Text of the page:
Search for Sir James Haryngton on Medieval Soldier Database searching under the category ‘captain name’

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Sir James Haryngton is the first entry listed in the results above. The results of the search also reveal that Sir James fell just short of his obligations, recruiting nine men-at-arms (listed below his own name) instead of ten, but with a full complement of 30 archers. One unique feature of Sir James’ retinue roll which can only be seen in the original record is the written annotations revealing the fate of men in the retinue.

Original Retinue Roll of Sir James Haryngton (catalogue reference E 101/47/32 m3)

Original Retinue Roll of Sir James Haryngton (catalogue reference E 101/47/32 m3)

Anotation confirming eight men-at-arms fought at the battle of Agincourt, 25 October 1415 (catalogue reference E 101/47/32 m3)

Anotation confirming eight men-at-arms fought at the battle of Agincourt, 25 October 1415 (catalogue reference E 101/47/32 m3)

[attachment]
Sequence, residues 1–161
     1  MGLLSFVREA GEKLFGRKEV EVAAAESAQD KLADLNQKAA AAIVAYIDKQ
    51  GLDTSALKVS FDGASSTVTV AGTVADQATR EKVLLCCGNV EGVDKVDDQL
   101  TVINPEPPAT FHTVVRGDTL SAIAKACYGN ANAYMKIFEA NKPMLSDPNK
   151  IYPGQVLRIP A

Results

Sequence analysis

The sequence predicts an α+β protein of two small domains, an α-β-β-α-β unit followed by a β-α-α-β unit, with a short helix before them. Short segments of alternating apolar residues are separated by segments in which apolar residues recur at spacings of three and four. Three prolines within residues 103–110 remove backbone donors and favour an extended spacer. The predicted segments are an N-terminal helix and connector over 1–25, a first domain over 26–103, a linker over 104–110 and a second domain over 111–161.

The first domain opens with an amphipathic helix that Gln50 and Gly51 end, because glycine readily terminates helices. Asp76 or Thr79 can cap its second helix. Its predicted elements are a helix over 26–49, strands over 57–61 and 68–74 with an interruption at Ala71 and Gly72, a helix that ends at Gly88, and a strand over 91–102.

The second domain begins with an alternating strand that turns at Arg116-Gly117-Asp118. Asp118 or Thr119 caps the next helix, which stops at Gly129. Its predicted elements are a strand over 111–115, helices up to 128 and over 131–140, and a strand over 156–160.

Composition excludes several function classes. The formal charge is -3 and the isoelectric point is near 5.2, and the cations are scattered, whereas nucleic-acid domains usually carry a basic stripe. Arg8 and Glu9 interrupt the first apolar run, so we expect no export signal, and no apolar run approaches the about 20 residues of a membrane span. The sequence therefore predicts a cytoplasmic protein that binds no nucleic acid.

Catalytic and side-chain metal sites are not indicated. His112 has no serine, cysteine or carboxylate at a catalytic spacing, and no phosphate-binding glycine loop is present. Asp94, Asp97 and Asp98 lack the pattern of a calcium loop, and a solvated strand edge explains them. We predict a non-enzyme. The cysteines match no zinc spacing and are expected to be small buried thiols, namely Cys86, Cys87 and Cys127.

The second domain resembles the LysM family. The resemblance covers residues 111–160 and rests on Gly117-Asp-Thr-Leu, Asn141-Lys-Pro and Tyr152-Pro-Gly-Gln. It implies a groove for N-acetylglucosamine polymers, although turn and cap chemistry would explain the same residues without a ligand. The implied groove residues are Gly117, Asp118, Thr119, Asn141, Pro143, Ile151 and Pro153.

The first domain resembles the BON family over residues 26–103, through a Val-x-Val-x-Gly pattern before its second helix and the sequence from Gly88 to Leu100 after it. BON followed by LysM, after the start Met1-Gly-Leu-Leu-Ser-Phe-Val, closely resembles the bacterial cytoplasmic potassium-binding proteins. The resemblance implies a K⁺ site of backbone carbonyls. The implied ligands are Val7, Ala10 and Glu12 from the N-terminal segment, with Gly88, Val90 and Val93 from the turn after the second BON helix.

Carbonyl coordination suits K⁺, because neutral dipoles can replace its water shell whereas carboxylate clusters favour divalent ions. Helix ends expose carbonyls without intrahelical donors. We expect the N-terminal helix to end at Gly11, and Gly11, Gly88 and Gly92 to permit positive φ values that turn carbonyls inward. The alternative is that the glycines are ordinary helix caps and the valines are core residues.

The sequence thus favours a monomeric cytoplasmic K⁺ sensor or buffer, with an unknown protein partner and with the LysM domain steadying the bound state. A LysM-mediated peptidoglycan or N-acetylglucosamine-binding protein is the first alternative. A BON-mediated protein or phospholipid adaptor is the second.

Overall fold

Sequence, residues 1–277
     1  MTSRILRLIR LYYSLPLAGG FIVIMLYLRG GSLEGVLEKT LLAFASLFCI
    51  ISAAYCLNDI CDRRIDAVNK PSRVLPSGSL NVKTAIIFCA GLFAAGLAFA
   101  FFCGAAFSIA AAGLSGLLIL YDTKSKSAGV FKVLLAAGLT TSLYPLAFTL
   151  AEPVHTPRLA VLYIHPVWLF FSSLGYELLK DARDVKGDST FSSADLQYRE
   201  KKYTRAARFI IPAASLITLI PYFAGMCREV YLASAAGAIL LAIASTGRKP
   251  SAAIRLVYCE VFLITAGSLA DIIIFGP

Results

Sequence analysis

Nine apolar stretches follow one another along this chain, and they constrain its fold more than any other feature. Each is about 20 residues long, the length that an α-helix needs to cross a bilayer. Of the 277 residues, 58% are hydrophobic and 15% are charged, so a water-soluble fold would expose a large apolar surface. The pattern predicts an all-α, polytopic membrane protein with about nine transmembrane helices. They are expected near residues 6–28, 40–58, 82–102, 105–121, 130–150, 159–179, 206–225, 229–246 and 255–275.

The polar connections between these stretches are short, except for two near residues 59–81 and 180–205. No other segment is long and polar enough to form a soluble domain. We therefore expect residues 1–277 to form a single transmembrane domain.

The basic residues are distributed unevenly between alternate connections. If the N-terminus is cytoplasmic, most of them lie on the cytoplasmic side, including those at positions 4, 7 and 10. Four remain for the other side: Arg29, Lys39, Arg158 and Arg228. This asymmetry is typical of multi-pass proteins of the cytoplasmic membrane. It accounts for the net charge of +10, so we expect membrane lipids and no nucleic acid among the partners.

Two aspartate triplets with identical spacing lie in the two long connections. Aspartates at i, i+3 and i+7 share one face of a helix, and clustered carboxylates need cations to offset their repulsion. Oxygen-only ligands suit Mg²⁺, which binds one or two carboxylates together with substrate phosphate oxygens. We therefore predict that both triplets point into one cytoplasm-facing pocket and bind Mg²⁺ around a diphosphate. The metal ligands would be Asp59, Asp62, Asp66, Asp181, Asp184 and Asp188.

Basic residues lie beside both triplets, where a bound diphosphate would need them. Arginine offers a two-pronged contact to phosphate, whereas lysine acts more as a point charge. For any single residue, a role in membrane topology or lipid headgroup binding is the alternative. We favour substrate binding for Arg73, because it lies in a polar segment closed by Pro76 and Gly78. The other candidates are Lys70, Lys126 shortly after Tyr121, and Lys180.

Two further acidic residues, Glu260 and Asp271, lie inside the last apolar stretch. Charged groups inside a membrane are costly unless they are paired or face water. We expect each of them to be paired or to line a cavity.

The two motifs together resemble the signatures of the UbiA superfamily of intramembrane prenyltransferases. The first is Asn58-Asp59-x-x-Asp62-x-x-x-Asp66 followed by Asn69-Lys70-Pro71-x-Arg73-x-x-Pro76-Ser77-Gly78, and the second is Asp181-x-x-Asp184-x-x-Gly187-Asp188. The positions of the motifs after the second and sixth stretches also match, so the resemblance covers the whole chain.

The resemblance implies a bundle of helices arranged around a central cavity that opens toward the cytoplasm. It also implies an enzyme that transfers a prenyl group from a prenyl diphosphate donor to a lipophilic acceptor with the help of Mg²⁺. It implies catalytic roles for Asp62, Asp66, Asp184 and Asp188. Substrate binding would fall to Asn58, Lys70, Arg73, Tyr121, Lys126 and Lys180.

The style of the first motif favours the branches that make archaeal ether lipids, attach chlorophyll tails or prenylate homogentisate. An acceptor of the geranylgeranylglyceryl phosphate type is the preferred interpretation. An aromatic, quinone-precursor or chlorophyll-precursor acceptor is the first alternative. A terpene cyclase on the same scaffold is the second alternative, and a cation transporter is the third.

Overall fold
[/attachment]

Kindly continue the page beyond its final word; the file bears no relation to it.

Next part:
Following the sealing of the Indenture contracts, the Office of Privy Seal on the King’s behalf would authorise payments to be issued from his Office of Exchequer for wages of war to army captains for themselves and their retinues. These orders or warrants are found in series E 404. Warrants are a useful alternative source should an original indenture not survive because some of the information is also recorded in these records and they are written in both French and Latin.

The warrants for Issues for the campaign in 1415 have been indexed alphabetically and chronologically by name of individual captain in the published volume of the List and Index of Warrants for Issues 1399-1485. This volume is available to browse on the shelves in the second floor reading room at The National Archives.